Pension funds have criticised the Office of Fair Tradings September report on defined contribution, saying some of its recommendations did not go far enough.
The National Association of Pension Funds yesterday issued its consultation response to the OFT. It warned that the watchdog's short- and medium- term recommendations on governance and charges could fail to deliver the right outcome for savers.
In particular, the NAPF said placing governance committees at provider level could lead to conflicts of interest, while a ban on active member discounts could penalise consumers whose employers had chosen to pay part of the charges for existing employees.
NAPF's chief executive Joanne Segars said that, although she was agreed with much of the report, the success of the watchdog's short- and medium-term recommendations would depend on how they were implemented by the government and the industry.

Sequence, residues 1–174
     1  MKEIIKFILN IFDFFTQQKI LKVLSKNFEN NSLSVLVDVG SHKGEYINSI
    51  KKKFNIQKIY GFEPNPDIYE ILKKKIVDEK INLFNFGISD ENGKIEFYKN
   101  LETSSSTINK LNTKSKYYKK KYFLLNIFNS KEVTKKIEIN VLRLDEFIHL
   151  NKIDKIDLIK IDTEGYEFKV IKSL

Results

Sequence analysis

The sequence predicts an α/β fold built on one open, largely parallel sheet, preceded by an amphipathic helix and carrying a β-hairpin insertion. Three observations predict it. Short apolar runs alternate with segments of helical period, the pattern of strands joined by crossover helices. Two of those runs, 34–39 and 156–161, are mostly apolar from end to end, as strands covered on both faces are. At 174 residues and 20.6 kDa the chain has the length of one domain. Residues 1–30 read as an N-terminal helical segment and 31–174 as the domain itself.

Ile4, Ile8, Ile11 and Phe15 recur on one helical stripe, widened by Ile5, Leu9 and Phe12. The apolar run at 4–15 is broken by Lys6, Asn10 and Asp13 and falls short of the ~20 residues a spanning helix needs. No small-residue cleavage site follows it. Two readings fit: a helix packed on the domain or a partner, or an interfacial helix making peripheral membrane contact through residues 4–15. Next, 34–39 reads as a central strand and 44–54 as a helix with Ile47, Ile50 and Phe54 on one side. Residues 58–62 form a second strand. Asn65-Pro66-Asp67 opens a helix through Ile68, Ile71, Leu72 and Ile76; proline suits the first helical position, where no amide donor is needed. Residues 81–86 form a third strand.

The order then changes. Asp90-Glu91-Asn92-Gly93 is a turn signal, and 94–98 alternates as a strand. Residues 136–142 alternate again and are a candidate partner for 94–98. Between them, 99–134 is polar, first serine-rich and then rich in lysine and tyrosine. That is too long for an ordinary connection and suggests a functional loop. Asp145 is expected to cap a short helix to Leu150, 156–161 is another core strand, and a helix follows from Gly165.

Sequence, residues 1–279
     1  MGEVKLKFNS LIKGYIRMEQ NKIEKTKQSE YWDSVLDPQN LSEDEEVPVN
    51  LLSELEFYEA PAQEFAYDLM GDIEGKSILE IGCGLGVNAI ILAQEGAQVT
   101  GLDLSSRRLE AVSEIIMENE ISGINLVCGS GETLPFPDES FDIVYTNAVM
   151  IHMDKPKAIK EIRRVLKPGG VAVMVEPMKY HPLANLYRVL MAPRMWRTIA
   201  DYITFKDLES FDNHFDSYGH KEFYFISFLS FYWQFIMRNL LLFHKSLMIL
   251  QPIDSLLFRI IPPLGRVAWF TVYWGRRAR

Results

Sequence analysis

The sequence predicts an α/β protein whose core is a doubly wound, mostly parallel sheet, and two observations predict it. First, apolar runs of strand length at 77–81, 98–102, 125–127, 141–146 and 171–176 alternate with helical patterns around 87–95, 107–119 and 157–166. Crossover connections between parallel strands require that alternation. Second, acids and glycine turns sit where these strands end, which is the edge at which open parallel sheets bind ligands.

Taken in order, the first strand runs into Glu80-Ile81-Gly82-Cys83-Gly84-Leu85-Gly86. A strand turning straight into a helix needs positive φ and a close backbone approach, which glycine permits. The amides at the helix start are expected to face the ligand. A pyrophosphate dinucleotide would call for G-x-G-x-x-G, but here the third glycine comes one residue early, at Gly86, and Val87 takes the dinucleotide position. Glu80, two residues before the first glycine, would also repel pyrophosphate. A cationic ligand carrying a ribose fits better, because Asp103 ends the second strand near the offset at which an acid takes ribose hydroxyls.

'There are several barriers that need to be overcome before we can achieve the right outcomes - especially around governance.'
She said it was essential that the government and regulators bring in policies that ensure sustainable and good DC pension provision in the long term.
'Acting quickly will ensure that pension savers, especially those who will be saving into a pension for the first time through automatic enrolment, benefit from these improvements from the outset.'
Segars added: 'The NAPF believes that governance, transparency of charges, value for money and economies of scale are critical to delivering good workplace DC pensions, so we urge the OFT to continue to monitor progress in the DC landscape.'
The OFT's market study, published on September 19, criticised the current DC pensions as complex and often poor value.